I recently supported Senate legislation to adopt workforce engagement thresholds for certain able-bodied adults on Medicaid.
The goal of this reform is to empower those who can work to realize their full potential in a rewarding career. People are healthier and happier when they are working, and by encouraging people to find work or improve their ability to get a job, we can help them improve their health and better provide for their families.
Senate Bill 897 would require able-bodied adults between the ages of 19 and 64 who are receiving Medicaid health benefits to work, receive job training or get an education (or a combination of any of the three) for an average of 29 hours per week.
The legislation has many important exemptions to focus on encouraging self-reliance and preparing people for good careers and, ultimately, achievement of the American dream.
It would not apply to seniors, pregnant women, a caretaker of a child under age 6, people with disabilities or their caregivers, the medically frail, residents under age 21 who were in foster care, caretakers of incapacitated people, individuals seeking substance use disorder treatment, those receiving unemployment benefits, ex-prisoners released in the last six months, people with medical conditions that impact their ability to work, and full-time students who are emancipated or whose parents qualify for Medicaid.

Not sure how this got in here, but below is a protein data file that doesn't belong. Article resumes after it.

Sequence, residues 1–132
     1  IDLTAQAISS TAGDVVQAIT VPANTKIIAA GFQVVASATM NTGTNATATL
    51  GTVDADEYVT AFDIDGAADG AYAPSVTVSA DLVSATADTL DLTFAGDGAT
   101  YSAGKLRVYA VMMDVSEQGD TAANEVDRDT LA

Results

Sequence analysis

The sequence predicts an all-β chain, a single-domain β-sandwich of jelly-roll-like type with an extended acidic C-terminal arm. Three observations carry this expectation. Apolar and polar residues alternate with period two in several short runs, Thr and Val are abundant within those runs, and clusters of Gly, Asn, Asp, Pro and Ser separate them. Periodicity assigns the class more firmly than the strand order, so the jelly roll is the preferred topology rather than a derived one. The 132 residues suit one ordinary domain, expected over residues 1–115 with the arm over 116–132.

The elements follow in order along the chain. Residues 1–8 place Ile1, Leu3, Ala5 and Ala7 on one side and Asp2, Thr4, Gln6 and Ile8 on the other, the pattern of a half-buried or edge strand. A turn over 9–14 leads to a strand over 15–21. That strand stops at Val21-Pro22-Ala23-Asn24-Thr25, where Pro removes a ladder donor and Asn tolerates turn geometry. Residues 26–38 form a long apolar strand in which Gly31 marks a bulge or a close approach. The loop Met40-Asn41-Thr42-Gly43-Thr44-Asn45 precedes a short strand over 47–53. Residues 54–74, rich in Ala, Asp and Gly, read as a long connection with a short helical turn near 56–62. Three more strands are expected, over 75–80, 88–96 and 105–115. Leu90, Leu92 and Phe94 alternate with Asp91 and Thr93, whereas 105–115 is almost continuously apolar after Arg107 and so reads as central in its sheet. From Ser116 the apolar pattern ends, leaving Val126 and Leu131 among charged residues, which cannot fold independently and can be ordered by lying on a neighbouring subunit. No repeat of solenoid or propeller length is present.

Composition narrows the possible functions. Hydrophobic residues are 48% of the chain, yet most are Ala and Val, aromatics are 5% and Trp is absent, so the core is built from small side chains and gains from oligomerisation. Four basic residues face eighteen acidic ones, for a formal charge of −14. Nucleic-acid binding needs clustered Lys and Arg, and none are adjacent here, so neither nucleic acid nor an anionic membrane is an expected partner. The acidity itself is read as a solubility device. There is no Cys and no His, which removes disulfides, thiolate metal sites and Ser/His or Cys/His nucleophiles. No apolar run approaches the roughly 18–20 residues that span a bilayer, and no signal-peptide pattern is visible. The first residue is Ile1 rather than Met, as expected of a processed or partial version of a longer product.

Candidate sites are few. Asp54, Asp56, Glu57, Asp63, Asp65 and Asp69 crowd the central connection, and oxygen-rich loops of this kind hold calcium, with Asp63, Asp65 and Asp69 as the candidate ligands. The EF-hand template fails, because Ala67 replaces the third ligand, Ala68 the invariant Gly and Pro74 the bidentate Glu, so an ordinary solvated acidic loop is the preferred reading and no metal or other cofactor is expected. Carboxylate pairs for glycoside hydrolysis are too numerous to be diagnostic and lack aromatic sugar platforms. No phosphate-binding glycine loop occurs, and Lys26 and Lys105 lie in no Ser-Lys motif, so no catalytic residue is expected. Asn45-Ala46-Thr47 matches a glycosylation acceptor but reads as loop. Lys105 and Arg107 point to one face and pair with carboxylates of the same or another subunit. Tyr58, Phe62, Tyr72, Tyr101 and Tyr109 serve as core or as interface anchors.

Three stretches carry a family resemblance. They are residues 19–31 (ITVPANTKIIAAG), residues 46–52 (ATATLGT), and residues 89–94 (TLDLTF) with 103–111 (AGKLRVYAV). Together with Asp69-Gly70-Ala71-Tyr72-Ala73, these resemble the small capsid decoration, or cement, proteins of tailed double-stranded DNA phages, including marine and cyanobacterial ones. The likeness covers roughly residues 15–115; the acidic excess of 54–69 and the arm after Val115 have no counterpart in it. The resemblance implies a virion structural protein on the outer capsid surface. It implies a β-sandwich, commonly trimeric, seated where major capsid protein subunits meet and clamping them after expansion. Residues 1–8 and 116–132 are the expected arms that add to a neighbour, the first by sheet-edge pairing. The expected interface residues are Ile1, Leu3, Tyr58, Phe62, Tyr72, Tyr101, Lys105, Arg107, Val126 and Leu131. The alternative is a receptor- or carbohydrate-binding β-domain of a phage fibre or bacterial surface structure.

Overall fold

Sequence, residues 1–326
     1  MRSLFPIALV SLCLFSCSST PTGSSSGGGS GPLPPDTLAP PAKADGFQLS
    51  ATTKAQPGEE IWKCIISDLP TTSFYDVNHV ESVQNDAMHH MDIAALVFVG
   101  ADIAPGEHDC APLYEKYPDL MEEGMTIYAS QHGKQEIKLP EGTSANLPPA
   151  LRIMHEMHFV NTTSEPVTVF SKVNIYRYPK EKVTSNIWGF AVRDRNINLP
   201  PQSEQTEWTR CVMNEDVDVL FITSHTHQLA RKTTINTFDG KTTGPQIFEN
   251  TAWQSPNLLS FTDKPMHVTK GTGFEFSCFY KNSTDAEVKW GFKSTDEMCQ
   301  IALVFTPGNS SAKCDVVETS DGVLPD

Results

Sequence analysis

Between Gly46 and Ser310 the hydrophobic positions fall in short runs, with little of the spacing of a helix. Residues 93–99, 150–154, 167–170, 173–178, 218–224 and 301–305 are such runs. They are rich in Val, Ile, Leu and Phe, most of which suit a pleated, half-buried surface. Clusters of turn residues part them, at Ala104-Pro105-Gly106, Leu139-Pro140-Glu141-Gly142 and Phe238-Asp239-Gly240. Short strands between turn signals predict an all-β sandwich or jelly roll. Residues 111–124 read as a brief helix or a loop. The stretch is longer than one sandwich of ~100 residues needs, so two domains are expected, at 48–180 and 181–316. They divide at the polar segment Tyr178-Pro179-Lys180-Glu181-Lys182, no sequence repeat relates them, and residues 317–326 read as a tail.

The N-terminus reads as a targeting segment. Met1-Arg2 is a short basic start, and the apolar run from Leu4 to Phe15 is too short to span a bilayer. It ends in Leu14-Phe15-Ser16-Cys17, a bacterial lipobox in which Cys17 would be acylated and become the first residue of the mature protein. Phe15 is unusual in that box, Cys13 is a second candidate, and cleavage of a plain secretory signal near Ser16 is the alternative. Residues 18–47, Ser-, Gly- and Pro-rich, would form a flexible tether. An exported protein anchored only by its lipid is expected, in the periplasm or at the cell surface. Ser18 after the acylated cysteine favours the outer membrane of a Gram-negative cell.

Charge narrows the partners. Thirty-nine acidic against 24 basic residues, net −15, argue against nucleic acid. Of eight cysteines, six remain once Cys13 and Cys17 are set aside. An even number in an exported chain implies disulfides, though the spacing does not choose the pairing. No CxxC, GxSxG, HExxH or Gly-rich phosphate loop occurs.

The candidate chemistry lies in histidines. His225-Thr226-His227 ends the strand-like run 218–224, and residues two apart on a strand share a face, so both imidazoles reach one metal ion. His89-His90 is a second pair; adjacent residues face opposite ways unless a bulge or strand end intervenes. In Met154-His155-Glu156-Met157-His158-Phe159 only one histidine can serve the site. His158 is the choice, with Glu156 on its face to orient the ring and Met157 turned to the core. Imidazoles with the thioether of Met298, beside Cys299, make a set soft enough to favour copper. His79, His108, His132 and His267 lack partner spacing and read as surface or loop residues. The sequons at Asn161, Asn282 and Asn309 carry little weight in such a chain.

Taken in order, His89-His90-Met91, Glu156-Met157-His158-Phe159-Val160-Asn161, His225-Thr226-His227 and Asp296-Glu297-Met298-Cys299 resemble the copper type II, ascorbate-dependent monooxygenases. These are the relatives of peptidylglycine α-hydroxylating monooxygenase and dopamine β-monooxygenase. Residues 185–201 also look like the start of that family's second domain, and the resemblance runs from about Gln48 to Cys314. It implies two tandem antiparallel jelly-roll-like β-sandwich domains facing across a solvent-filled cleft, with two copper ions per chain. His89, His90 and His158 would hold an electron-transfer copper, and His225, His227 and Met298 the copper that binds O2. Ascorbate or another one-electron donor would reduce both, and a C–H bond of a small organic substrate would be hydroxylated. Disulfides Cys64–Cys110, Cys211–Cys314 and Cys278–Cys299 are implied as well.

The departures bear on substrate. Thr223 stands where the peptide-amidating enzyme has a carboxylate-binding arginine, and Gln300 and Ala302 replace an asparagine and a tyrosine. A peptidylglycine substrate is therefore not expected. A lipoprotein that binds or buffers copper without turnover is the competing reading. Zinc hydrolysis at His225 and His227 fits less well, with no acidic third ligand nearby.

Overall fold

Temporary “good cause” exemptions would be given for the birth or death of a family member, severe inclement weather, a temporary illness or injury, and a family emergency or other life-changing event (such as divorce or domestic violence).
Flexibility has also been included to reflect unemployment in different counties and anticipate any possible future economic changes.
Under the bill, if a county’s unemployment rate increases to 8.5 percent, its residents could meet the requirement by looking for a job. The requirement would return once the unemployment rate drops back to 5 percent or less.